Tuesday, May 8, 2012
A Skype presentation nets $5,000 and commissioners officially approve the 2012 budget.
It wasn’t all LumberYard talk at the May 7 borough commissioners meeting. Here are five things that happened as well: 1. The meeting went high-tech as an executive from Reader’s Digest Skyped in to present Collingswood with $5,000 from the magazine’s We Hear You, America contest. Reader’s Digest’s Gary Davis said Collingswood “set the pace” with its innovative plan to involve restaurants in vote-generating evenings. Collingswood took 16th place in the contest, and will use the funds for public art at Knight Park. The borough will hold a competition to select the pieces for installation in the park. 2. Commissioners adopted Collingswood’s 2012 budget and immediately voted to amend it. The total budget doesn’t change, but the state requested…
Wednesday, April 4, 2012
Patch takes a more in-depth look at the Collingswood 2012 municipal budget approved Monday.
A closer look at the 2012 Collingswood municipal budget upholds claims by borough leadership that the significant cutbacks over the past several years are starting to drive real savings in town. Although 2012 taxes are up slightly year-over-year—about $20 per household on a property valued at the borough average of $233,000—Collingswood is appropriating fewer dollars overall. The 2012 municipal budget weighs in at $15.03 million, down 5 percent ($756,000) from a 2011 budget that totaled $15.79 million. Total municipal debt service was up more than 3 percent annually, from $2.564 million in 2011 to $2.646 million in 2012. “Other expenses” including contingency funds, were up 9 percent, or $416,000 ($4.402 million in 2011 as compared with $4…
Tuesday, April 3, 2012
The average household will see a $20 increase in local property taxes for 2012 as the borough moves to complete some much-needed infrastructure projects.
After extending the deadline for its public presentation, the borough of Collingswood introduced and approved its 2012 municipal budget at the Monday meeting of borough commissioners—and taxes are going up. The average household will see an approximate increase of $20, or 0.7¢ per $100 of assessed property value, in 2012-13. That figure is calculated based on a home valued at $233,000, the borough average. The actual amount levied will increase from 87.9¢ per $100 of assessed property value in 2011 to 88.6¢ per $100 of assessed property value. To maintain the same level of services borough residents have come to expect, Collingswood has enacted a variety of cost-cutting measures in recent years, including the layoffs of some 26 full-time …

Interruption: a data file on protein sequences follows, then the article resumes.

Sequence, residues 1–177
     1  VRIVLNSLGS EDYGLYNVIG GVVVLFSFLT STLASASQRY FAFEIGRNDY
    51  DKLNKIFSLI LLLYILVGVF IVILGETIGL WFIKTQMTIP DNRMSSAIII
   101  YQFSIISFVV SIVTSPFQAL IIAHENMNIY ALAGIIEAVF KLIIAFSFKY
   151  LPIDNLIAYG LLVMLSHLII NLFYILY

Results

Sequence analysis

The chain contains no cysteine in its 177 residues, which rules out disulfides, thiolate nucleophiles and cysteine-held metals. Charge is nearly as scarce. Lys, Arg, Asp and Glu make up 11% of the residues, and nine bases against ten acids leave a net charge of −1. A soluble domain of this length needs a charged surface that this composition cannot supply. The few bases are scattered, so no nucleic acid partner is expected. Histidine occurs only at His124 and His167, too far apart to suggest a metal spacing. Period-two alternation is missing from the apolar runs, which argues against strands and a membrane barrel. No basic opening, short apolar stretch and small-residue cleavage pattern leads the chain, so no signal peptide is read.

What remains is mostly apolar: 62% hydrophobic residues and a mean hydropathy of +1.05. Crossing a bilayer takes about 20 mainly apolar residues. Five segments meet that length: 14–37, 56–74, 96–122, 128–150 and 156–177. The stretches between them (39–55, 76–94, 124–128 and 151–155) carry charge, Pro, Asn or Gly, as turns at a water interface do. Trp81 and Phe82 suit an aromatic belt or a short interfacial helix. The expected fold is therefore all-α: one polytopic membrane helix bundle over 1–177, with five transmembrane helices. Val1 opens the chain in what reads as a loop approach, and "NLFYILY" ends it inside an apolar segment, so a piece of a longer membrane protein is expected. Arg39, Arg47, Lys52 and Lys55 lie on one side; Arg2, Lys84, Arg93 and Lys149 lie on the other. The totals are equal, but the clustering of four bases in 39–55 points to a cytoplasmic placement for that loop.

Tuesday, March 6, 2012
Borough commissioners appropriated $40,000 for capital repairs, but deferred budget talk for the 2012 fiscal year until their April 2 meeting.
Any formal analysis of the borough fiscal plan for the upcoming year will have to wait until April 2. Collingswood commissioners will not announce their budget plans for 2012-13 until that time. Meanwhile, the borough appropriated $40,000 from its general capital fund for repairs to the roof of the municipal court ($25,000) and municipal building ($15,000). Commissioners also announced a $3,000 green communities grant from the New Jersey Department of Environmental Protection, which will be used for beautification and upkeep of the town. Absent of much discussion during the public comment period, the meeting adjourned after less than an hour.
Thursday, February 23, 2012
With state aid figures in hand, Collingswood officials can begin finalizing a budget draft.
Collingswood—like most towns statewide—won’t see an increase in municipal state aid in the coming year. But, on the positive side, the borough’s aid won’t be cut under Gov. Chris Christie’s proposed budget. Collingswood will receive $1,195,418 in state aid this year, the same amount to the dollar the town received for the past two years. Borough officials are putting together the town budget, and Mayor James Maley declined to comment further until the budget is drafted. Towns must introduce the budget by March 9 and adopt it no later than April 20. On Wednesday night, Christie delivered a budget address to state legislators. "We have established a new normal. In the new normal we will shape the budget to make it more sustainable each year…
Wednesday, May 25, 2011
During Tuesday's special budget meeting, commissioners said the $150 tax increase will be reduced to $78.
While no action was taken during Tuesday afternoon's special budget meeting, Mayor James Maley said the municipal budget's original $150 annual property tax increase will be reduced to $78 per year. The amended $78 average applies to the borough's average assessed home value of $232,566. "We could not take action today (Tuesday), because the state reviewer who was supposed to look at our (budget) amendment has been out sick," said Maley. "But we've been told it will be reviewed by the end of this week, and we'll have another special meeting on Friday." The new meeting, said Maley, will take place at 3 p.m. this Friday, May 27. "(On Friday), we'll formally introduce the (tax reduction) amendment," said Maley. "And the public hearing on that…